Search - Tiefland on DVD

Actors: Bernhard Minetti, Leni Riefenstahl, Aribert Wäscher, Karl Skraup, Maria Koppenhöfer
Director: Leni Riefenstahl
Genres: Indie & Art House, Drama, Musicals & Performing Arts
UR     2006     1hr 39min

Set in early 20th century Germany and Spain, a melodrama about a dancer who becomes the romantic bone of contention between a humble shepherd and an imperious marquis. A gypsy dancer played by Leni Reifenstahl herself....  more »


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Movie Details

Actors: Bernhard Minetti, Leni Riefenstahl, Aribert Wäscher, Karl Skraup, Maria Koppenhöfer
Director: Leni Riefenstahl
Creators: Leni Riefenstahl, Albert Benitz, Josef Plesner, Rudolph Lothar, Àngel Guimerà
Genres: Indie & Art House, Drama, Musicals & Performing Arts
Sub-Genres: Indie & Art House, Love & Romance, Musicals
Studio: Pathfinder Home Ent.
Format: DVD - Color
DVD Release Date: 11/14/2006
Release Year: 2006
Run Time: 1hr 39min
Screens: Color
Number of Discs: 1
SwapaDVD Credits: 1
Total Copies: 0
Members Wishing: 0
MPAA Rating: Unrated
Languages: German, German
Subtitles: English

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Movie Reviews

Beautiful, yet not her best
J. Michael | Now Born | 09/28/2007
(3 out of 5 stars)

"Based on the 1896 Catalan play and the 1903 German opera, Leni Reifenstahl brings the story of love, lust and class warfare in Spain (actually Catalonia) to the silver screen. Although the film bears all the lush and romantic trademarks of Riefenstahl's directorial style, and I could never tire of_seeing_a Leni Riefenstahl film, the story of "Tiefland" just didn't reach me on the deeper emotional level that "The Blue Light" or even "Triumph of the Will" did. Although beautifully filmed, and impressive in its individual parts, for me the story did not cohere into a satisfying whole. Still, it's well worth watching."
What Did You Do In the War, Mommy?
Garman Lord | 01/30/2010
(5 out of 5 stars)

"To many people's expectations, Leni Riefenstahl's honest answer to such a question would have to be "spent it as Hitler's bitch." According to Leni herself, however, nothing could be farther from the truth. Leni and Hitler admired each other, but strictly as intellectual friends and fellow artists, other than which the relationship was entirely platonic, by tacit mutual agreement. The reward of Hitler's admiration was that, whenever Leni challenged Hitler's views or said something he didn't like, especially toward the end, Hitler would merely pout, dismiss her from his circles and shun her for a time, rather than shipping her off to a concentration camp. Leni's haters, who are legion, dismiss all this, of course, and call her a liar. Her account, however, seems credible enough, at least to me. If Leni were a proper liar, after all, she would surely have said she secretly despised Hitler, kissed all the right ideological rings and tried to get herself on the side of the historical angels, right? Instead, it seems rather as if Leni's detractors don't really hate her for lying, they hate her for telling the truth.

For us, who live in a country whose last significant experience of home front warfare was in 1865, war tends to be a rather mythical, generally misunderstood business. In other countries, some relatively small percentage of the population marches off to war, another even smaller percentage stays home and runs the country and the war politically, and the great mass of the general population, at least until their national borders are broached, mainly just tries to get up every morning and go about their regular business as if war and all it portended wasn't really happening. What Leni did during the war, by all accounts, was go about her business, mainly spending it trying to make the movie she had always wanted to make in the middle of an avalanche of Allied bombs. That movie was "Tiefland" (Flatland.)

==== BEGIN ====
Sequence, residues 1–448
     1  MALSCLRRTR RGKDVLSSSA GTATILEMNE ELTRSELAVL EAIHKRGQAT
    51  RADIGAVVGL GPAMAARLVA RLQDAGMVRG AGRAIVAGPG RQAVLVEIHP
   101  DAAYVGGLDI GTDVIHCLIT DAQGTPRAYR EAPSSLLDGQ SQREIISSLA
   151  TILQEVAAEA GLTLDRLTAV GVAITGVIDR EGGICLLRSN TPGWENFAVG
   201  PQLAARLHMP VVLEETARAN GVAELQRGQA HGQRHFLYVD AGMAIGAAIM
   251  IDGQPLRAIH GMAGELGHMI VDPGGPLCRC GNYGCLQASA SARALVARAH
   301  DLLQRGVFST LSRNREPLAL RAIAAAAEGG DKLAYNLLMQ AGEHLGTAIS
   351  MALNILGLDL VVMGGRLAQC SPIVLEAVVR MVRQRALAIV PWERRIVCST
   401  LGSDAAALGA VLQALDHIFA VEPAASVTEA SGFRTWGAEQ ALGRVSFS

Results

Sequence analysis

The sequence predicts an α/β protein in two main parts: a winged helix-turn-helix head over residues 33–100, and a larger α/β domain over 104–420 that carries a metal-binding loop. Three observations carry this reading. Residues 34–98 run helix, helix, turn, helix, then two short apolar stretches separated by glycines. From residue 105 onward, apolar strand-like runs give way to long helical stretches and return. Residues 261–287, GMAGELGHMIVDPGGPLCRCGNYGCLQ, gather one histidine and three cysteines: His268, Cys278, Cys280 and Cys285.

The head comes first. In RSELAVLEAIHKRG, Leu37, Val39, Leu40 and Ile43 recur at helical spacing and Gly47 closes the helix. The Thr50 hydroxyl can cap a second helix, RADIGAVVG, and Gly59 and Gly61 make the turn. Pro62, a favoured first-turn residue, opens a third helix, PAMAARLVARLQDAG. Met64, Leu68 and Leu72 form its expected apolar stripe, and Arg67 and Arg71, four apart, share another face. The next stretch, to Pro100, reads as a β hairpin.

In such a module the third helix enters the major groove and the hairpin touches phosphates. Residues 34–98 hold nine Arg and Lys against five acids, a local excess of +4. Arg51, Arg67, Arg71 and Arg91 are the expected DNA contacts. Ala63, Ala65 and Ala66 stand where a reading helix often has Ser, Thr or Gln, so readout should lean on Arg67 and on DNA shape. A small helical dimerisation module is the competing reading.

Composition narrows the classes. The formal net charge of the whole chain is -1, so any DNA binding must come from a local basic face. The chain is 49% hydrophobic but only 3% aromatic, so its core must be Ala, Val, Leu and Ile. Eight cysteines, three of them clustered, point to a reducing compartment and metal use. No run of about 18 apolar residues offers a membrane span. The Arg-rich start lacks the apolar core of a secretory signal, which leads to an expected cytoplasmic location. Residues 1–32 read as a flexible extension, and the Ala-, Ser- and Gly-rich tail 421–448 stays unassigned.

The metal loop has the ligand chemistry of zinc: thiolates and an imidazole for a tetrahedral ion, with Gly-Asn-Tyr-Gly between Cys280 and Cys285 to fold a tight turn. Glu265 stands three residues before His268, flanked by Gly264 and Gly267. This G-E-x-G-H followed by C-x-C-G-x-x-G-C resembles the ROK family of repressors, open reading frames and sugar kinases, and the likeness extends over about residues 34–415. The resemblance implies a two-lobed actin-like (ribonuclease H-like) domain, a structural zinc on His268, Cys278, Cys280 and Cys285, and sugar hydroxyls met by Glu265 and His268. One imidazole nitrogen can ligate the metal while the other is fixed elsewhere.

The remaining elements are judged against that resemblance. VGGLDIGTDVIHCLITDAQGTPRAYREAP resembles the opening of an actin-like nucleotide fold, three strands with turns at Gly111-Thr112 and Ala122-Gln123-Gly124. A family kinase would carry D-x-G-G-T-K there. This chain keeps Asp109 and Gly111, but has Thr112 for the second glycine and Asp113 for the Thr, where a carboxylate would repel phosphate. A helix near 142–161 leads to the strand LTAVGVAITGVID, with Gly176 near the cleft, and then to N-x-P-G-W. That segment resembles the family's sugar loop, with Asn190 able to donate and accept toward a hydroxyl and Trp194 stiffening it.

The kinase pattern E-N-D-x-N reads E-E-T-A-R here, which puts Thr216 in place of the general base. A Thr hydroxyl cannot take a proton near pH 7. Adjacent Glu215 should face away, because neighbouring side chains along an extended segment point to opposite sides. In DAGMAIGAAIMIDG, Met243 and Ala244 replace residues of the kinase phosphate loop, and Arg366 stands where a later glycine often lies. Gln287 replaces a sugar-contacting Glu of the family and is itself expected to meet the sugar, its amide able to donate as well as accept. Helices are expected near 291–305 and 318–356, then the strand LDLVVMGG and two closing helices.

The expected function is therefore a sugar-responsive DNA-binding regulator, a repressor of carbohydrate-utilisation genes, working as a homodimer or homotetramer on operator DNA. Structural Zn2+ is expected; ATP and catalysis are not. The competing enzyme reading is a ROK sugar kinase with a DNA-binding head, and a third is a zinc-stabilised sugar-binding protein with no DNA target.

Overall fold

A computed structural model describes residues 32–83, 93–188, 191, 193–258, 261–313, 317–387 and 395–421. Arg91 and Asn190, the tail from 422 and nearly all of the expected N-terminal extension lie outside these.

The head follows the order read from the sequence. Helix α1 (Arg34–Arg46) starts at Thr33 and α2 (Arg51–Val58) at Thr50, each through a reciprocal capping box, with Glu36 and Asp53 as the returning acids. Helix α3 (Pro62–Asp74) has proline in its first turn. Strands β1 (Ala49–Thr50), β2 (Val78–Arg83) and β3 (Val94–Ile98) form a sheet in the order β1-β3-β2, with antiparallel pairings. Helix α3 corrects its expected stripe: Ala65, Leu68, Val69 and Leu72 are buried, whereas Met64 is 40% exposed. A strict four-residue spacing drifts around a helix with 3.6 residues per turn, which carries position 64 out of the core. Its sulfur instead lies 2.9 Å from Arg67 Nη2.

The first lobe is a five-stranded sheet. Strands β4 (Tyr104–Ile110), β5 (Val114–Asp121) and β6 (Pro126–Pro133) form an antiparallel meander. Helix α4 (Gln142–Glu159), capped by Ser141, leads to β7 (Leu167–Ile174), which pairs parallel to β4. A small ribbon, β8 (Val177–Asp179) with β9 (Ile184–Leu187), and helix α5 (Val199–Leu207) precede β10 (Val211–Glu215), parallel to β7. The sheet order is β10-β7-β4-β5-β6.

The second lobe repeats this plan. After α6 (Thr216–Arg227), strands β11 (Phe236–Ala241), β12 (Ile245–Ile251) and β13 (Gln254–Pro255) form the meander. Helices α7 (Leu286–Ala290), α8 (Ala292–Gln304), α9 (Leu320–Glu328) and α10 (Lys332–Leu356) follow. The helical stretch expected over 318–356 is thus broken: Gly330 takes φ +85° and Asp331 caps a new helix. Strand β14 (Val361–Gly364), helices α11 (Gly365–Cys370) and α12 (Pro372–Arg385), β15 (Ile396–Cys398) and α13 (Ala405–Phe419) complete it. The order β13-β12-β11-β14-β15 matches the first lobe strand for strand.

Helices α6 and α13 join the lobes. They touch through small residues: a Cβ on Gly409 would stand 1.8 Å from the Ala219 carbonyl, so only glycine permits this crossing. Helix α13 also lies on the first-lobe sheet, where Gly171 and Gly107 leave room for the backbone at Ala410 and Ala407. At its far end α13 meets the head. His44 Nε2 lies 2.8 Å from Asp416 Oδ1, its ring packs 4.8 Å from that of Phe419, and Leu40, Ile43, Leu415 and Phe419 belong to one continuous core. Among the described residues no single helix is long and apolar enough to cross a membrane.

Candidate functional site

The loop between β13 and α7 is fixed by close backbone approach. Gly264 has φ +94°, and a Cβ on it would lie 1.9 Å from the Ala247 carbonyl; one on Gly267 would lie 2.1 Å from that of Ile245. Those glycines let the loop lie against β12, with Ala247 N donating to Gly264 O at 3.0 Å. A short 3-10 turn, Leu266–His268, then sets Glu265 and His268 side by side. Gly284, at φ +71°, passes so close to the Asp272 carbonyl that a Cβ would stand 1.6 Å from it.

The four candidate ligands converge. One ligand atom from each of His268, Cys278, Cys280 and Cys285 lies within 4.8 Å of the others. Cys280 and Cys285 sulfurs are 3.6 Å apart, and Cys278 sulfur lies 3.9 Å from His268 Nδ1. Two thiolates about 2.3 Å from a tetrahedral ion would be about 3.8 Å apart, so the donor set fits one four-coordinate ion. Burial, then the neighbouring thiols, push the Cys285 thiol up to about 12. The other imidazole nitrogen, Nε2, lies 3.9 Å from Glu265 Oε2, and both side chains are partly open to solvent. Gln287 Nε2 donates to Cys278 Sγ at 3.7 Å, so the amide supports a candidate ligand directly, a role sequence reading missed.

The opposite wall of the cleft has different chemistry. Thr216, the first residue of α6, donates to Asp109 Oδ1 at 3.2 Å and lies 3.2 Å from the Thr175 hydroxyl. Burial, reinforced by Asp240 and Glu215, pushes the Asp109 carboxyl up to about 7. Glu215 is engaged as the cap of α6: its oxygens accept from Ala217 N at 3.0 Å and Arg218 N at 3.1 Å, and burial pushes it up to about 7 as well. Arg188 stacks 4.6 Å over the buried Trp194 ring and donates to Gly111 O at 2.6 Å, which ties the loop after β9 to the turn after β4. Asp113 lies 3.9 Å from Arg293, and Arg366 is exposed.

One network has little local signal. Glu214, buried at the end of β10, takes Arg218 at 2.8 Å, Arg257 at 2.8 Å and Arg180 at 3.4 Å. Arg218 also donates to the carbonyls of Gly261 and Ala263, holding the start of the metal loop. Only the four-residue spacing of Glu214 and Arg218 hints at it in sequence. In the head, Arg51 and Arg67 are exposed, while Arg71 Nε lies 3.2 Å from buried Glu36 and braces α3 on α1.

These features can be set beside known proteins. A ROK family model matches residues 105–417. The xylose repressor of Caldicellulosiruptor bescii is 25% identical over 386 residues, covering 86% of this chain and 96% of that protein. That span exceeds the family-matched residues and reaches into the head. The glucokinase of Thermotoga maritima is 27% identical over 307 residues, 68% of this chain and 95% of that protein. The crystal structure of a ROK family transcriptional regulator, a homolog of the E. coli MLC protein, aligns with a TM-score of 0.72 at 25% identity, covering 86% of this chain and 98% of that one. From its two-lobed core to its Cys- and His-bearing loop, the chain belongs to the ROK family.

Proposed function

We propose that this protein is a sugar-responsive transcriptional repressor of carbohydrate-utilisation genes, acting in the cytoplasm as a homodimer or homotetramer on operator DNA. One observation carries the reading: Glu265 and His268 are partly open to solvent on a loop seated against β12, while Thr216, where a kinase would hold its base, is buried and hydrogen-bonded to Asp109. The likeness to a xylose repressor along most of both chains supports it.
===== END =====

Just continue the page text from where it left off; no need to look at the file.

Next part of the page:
Viewing Tiefland today, we can easily imagine Leni's logistic difficulties. The parts of it she could control are, as usual, beautifully done; the scene selections, framing and camera work are consummate, occasionally breathtaking, works of art. As to what she couldn't completely control, well... such are the fortunes of war. Leni was lucky enough to find a German soldier, a handsome talented amateur, for the perfect male lead. For the female lead, an ingenue role, preferably calling for a gifted beautiful teenage dancer, no one could be found. Leni ended up forced to tackle the role herself... at age forty. No sooner was the footage wrapped, however, then Leni's country was invaded and overun, her worldly effects confiscated and herself bounced round endlessly from one prison camp to another, one collaboration/Denazification hearing and war trial to another, a process that took years before her name was finally cleared of all the accusations variously and inevitably leveled against a German of her international celebrity. It was 1950 before Leni ever got to see a viewing of the film she had spent so many years trying to shoot... and when she finally got to see it, she was horrified. Whatever the film's inevitable deficiencies, the thing about it that appalled Leni most painfully was her own performance. At forty years old, still beautiful despite war's and film work's hardships, and still a fine dancer, Leni was obviously anything but an ingenue, and totally miscast for the role.

Notwithstanding, it's still a great movie, and my friends and I who got together specially to view it enjoyed it enormously. One can only guess about all the great movies Leni Riefenstahl never got to make, and how things might have been, had a movie maker of her genius happened to be born in Hollywood, rather than WWII Germany.